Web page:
Every party has an antagonist: for most groups it is simply the indifference of the British public who insists on voting for someone else. Fascism, almost uniquely in British history, has faced the problem that its largest events were liable to infiltration, that its opponents insisted it had no legitimate right to organise. That its members fought – and were fought. In leaving that story out, I do not believe that Macklin’s is accurate even to his leader’s eye view of the past.

A second key section addresses the period between 1974 and 1979 when the National Front showed every sign of becoming a street force of the same size as their counterparts 40 years before. A membership of nearly 20,000 people did better in elections even than the BUF, with John Tyndall’s NF approaching or even overtaking the votes won by their immediate rival, Britain’s third main party, the Liberals.

Tyndall had, by this stage of his career, played a leading role in British fascist groups for more than a decade. All that had changed was the size of his audience, from a few hundred people in the early 1960s, to tens of thousands a decade on.

Macklin’s Tyndall never stops or waits, never reflects. He never tells himself to enjoy the moment. He appears to show no interest in why the Front had suddenly grown, other than to see this period of success as the necessary corollary of (what he considered was) his obvious qualities as a leader and the self-evident rightness of his ideas.

Tyndall’s leadership becomes a matter of rivalries. Macklin tells us, in detail, what Tyndall thought of those who left the Front prematurely in 1976. We are allowed no real insight into events three years later, the catastrophe of the 1979 general election results, which forced Tyndall back to the political margins.

To explain the success of the Front, a historian would need to explain where this group fitted within a certain moment of history, the decline of the British empire, the fascination with the losing side in the World War, the cultural processes which suddenly made fascism attractive to a younger generation. Macklin, stood by the leader’s side, is too close to see these dynamics clearly. And yet, at the same time, he is not close enough to acquire the advantages of his viewpoint, the immediate insight into the opinions of the leader as his project falls apart.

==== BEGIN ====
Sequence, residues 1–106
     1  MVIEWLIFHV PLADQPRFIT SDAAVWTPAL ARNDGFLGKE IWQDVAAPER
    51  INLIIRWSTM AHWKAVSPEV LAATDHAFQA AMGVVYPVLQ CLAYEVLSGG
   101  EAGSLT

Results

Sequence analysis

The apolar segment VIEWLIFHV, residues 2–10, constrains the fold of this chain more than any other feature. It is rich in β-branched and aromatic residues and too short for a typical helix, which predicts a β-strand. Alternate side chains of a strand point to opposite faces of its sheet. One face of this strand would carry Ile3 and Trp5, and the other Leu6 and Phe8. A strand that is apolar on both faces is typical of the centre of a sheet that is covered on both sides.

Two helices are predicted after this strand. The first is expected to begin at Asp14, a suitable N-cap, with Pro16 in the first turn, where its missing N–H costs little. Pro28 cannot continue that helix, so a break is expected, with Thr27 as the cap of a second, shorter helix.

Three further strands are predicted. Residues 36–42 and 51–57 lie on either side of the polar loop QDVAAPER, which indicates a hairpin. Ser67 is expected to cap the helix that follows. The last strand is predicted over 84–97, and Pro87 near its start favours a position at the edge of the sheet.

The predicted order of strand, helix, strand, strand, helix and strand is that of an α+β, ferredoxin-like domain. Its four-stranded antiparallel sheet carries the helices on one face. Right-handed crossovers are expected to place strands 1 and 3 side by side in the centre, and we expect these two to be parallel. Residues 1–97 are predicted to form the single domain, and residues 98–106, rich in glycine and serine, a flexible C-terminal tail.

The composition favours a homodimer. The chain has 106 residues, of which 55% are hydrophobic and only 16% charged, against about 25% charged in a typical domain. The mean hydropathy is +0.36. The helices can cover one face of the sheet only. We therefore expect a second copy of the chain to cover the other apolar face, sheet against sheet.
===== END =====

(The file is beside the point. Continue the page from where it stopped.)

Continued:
Macklin’s treatment of the BNP between about 2005 and 2010 is perhaps the strongest section of the book. Here, he feels entitled to place fascist success with a context of wider processes: the decay of Tony Blair’s authority, the obsession of both our main parties with immigration. Even protest comes (almost) back in, through a discussion of the Question Time broadcast which sunk Griffin’s credibility with any larger audience. Even here, we are stuck in the same space – too close to the leader to see everything, and yet not quite close enough.

This book is a superb piece of research. No-one will ever surpass the detail with which Macklin explores these figures in British history. But as for fascism, as a movement, and its opponents, there is more to be said about them.


Cercles © 2021

All rights are reserved and no reproduction from this site for whatever purpose is permitted without the permission of the copyright owner.

Please contact us before using any material on this website.